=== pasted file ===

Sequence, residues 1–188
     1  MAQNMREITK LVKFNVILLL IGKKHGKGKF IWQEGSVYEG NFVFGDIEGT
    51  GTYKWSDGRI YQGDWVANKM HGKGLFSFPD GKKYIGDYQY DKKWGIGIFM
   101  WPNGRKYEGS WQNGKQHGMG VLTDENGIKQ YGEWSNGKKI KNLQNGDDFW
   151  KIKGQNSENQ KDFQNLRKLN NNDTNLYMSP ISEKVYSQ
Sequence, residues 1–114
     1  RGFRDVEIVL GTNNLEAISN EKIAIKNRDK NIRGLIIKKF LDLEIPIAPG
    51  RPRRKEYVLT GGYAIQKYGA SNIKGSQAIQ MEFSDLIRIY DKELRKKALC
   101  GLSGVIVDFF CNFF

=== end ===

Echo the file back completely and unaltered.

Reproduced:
Sequence, residues 1–188
     1  MAQNMREITK LVKFNVILLL IGKKHGKGKF IWQEGSVYEG NFVFGDIEGT
    51  GTYKWSDGRI YQGDWVANKM HGKGLFSFPD GKKYIGDYQY DKKWGIGIFM
   101  WPNGRKYEGS WQNGKQHGMG VLTDENGIKQ YGEWSNGKKI KNLQNGDDFW
   151  KIKGQNSENQ KDFQNLRKLN NNDTNLYMSP ISEKVYSQ
Sequence, residues 1–114
     1  RGFRDVEIVL GTNNLEAISN EKIAIKNRDK NIRGLIIKKF LDLEIPIAPG
    51  RPRRKEYVLT GGYAIQKYGA SNIKGSQAIQ MEFSDLIRIY DKELRKKALC
   101  GLSGVIVDFF CNFF